With our daughter, we sang spirituals and an English song called Ten Green Bottles. It was difficult to sing to Gabriel in the early months because he was colicky and the only thing that soothed him was shhhhing. Now that he isn’t crying all the time, I have been using lullabies to soothe him during his bedtime routine and prepare him for that wonderful slumber. This also helps me keep the routine straight. This way, even if it gets a little off track, I can keep the same basic rhythm leading to bedtime because it is guided by song. This doesn’t exactly put him to sleep every time, but it is a start!

Here is the rhythm I use for now (at 4 months):

      1. Short song to announce bath time (I wrote).
      2. After bath, during massage and dressing I sing All the Pretty Little Horses. I usually end up improvising some and changing words until we are finished.
      3. During his bottle, which is the only time I don’t nurse him, I sing Edelweiss. It’s not a typical lullaby, but it is very soothing and lovely to hum.
      4. After he has finished eating, I rock him and walk around singing the spirituals. Usually Swing Low, Sweet Chariot or Goin’ Down That Lonesome Road, residuals from when we sang Briony to sleep. If it goes on longer, I bust out the Ten Green Bottles.

Since using these songs, I am better able to keep a consistent routine. This is part of our sleep plan and part of our colic recovery. More on that in other posts.


Recovering from Colic June 14, 2011

Filed under: Gabriel Stories,Parenting — parentsong @ 9:30 pm
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Peaceful napping, mostly when not in a crib

I think the “worst” is over. Though, apparently, when raising children, things don’t get harder or easier, they just change. While there are many challenges of parenting I expect, things such as sleep deprivation and having to eat standing up or use only one hand for everything because the baby cannot be set down, there are some things that I do not like to be challenged by. Having a baby spitting up constantly and crying for many hours of the day is not fun. I just wanted to get through it. And we have. Now, we have a very happy, alert, spunky 3 ½ month old.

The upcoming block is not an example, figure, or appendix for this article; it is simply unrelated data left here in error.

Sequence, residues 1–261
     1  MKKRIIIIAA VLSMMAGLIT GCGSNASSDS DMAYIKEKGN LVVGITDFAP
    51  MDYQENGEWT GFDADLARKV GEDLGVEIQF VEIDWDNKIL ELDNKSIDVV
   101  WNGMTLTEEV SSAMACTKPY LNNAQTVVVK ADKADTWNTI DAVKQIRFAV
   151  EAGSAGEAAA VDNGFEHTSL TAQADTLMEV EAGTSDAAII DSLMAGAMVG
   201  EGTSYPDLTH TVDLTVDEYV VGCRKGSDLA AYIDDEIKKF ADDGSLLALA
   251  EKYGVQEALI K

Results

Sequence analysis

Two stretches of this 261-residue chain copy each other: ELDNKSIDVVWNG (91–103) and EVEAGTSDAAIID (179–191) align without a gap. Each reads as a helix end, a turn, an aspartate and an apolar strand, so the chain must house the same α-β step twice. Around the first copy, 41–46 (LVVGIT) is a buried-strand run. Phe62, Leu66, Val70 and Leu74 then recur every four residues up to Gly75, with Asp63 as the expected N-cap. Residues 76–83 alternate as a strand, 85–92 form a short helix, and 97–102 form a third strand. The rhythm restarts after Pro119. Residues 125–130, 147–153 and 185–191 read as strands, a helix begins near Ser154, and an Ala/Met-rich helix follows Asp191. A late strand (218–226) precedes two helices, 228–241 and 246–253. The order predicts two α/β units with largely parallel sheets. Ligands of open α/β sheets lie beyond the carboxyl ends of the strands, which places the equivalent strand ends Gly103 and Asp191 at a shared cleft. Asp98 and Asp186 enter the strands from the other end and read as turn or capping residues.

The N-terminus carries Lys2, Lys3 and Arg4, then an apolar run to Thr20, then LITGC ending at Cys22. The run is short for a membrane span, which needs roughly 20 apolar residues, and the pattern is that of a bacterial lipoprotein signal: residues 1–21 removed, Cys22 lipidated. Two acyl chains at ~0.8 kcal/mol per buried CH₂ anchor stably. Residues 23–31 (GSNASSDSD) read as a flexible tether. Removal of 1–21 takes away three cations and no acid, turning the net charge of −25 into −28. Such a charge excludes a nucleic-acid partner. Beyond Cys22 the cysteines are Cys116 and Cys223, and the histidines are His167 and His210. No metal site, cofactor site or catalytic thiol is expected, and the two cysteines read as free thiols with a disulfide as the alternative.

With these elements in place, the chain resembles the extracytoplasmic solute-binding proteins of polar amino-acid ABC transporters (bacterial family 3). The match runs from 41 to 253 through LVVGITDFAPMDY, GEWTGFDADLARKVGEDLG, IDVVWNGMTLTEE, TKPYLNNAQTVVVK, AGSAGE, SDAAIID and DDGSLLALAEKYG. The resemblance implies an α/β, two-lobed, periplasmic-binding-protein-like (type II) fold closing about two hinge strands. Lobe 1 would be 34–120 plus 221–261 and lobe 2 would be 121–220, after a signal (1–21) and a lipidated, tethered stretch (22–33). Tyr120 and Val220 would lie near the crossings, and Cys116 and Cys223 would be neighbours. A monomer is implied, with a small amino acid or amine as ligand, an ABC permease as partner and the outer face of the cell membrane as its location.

The problem now is that sleep is still a major issue. I have many books on sleep in infants and I understand how it works. Weissbluth is the only author I have read that acknowledges the effect colic has on the infant developing healthy sleeping habits. I believe that parents can really make or break a child’s ability to sleep well.

Happy most of the time, now!

I want to help our child learn to sleep. He currently wakes every 30 to 45 minutes from a nap and every hour to three hours in the night. This says to me that he cannot make it through natural arousals that occur in all sleep. We adults have learned how to stay asleep through having to move or adjust in our sleep. We don’t wake up full of vigor in the middle of the night because we were uncomfortable or had an itch or heard a car door shut. We mostly remain unconscious of it and carry on sleeping. By 12 to 16 weeks, infants have the ability to do the same thing. Hmmm, I guess we are dealing with a habit at this point.

While I am not quite ready to jump into hard-core sleep training just yet, we are devising a sort of plan to assist our child in getting the gist of sleeping. I’ll lay it out in another post, and hopefully report great things as time goes on.